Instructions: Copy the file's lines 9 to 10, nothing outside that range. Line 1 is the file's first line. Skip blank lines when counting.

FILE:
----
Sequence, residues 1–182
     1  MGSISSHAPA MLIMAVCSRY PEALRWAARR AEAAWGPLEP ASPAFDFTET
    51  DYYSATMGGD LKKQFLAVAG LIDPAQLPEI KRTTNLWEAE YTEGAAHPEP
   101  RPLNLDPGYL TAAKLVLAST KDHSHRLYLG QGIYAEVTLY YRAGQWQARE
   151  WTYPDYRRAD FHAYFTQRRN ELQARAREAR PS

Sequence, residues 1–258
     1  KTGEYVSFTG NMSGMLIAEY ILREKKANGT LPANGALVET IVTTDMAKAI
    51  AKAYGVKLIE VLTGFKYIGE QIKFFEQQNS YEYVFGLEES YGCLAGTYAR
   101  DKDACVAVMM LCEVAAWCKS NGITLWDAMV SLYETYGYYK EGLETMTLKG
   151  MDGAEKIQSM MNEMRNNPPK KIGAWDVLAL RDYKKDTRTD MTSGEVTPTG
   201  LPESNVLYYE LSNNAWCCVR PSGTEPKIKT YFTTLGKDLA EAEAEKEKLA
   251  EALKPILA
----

   101  DKDACVAVMM LCEVAAWCKS NGITLWDAMV SLYETYGYYK EGLETMTLKG
   151  MDGAEKIQSM MNEMRNNPPK KIGAWDVLAL RDYKKDTRTD MTSGEVTPTG